Greenham Common celebrates its transformation
A sculpture has been unveiled to mark the work of the Greenham Common Trust, which supports charitable projects in West Berkshire.
The design, called Changes, celebrates the transformation of the old RAF base and American nuclear missile base to a business park and nature reserve.
The sculpture uses recycled materials from the old airfield, once the longest runway in Europe.
Greenham Common was bought by the Greenham Common Trust 10 years ago.
The Icelandic artist Gudrun Nielsen, who designed the sculpture, said the artwork symbolises the area's history.
"It was the military history which formed the inspiration for the piece," she said.
The Changes sculpture comprises of nine individually folded steel pieces representing the creation and dismantling of a fighter plane.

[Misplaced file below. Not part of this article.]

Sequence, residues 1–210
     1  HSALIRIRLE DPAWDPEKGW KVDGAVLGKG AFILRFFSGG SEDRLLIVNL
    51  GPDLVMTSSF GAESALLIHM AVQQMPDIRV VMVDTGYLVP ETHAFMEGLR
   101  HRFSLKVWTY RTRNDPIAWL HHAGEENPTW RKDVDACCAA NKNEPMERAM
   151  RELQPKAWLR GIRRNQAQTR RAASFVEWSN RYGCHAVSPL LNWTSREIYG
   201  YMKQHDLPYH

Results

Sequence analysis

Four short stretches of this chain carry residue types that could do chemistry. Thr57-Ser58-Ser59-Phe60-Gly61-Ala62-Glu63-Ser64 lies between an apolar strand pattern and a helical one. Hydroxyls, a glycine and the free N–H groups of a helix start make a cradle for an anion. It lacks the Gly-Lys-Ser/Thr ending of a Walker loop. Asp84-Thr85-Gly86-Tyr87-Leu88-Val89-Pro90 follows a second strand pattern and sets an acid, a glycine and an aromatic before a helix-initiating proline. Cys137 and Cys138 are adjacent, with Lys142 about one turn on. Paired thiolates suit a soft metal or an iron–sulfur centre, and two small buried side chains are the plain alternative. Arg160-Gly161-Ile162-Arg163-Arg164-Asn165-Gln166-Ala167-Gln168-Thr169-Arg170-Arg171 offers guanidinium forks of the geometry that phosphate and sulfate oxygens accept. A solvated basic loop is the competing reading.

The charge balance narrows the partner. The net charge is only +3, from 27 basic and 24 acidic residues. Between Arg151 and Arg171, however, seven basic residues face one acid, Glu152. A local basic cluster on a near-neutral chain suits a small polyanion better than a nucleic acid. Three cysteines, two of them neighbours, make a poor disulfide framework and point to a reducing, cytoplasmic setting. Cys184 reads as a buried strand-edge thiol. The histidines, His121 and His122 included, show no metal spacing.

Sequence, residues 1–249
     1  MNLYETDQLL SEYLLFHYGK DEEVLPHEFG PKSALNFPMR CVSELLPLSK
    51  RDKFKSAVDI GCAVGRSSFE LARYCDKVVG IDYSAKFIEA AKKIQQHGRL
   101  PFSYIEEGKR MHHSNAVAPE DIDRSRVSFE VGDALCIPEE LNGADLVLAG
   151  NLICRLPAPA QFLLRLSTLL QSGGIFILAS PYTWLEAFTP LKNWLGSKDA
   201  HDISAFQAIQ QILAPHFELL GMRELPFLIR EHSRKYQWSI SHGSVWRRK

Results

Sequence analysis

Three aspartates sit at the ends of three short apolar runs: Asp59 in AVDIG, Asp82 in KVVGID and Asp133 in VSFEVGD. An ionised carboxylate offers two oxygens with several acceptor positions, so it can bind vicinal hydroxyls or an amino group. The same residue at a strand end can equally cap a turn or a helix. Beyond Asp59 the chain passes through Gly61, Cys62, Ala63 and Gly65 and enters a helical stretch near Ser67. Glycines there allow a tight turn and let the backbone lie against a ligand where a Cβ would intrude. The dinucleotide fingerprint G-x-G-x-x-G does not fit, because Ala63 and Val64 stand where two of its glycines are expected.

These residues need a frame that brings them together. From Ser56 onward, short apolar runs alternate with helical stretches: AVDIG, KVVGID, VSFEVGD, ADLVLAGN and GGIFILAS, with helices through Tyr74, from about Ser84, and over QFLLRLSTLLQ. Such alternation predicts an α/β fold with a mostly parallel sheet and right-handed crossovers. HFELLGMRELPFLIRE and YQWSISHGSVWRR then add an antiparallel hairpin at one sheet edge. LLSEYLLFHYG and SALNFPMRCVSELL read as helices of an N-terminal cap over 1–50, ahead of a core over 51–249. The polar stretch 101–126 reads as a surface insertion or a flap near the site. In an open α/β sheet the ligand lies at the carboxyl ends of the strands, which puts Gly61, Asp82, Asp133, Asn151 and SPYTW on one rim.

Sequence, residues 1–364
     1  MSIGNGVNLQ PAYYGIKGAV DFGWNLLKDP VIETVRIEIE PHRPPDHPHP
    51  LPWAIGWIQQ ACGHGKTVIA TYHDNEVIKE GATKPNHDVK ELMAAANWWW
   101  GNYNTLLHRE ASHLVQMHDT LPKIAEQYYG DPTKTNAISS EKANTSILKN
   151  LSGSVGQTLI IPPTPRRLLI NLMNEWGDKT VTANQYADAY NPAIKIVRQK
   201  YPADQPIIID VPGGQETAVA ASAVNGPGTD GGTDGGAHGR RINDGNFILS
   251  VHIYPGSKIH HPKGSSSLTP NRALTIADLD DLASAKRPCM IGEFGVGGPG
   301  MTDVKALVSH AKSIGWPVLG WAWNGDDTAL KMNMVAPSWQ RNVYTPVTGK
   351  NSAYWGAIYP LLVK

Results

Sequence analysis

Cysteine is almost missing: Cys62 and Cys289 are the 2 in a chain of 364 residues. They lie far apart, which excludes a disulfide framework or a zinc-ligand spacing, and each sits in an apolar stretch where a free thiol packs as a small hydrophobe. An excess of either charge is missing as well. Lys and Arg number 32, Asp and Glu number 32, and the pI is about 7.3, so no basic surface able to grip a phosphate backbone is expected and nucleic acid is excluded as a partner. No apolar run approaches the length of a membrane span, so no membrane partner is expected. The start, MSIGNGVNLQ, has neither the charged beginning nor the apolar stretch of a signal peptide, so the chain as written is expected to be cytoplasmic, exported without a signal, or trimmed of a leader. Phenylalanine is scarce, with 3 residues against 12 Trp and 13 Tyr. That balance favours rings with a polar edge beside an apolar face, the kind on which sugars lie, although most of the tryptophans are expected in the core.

Each piece is set on a concrete plinth, which includes recycled concrete and reinforcement taken from the airfield's former runway after it was dug up to restore the common.
RAF Greenham Common became home to the US Army Air Force in November 1943, when the 354th Fighter Group moved in.
Up until that point, the common had been an unfenced area of grass and scrub land.
Over the following decades the site became an advance base for the US Strategic Air Command during the Cold War.
In 1979 Nato decided to base ground cruise missiles at Greenham Common, sparking protests from anti-nuclear campaigners.
After the Cold War ended in 1988, Greenham Common was emptied of missiles and the base was formally handed back to the RAF in 1992.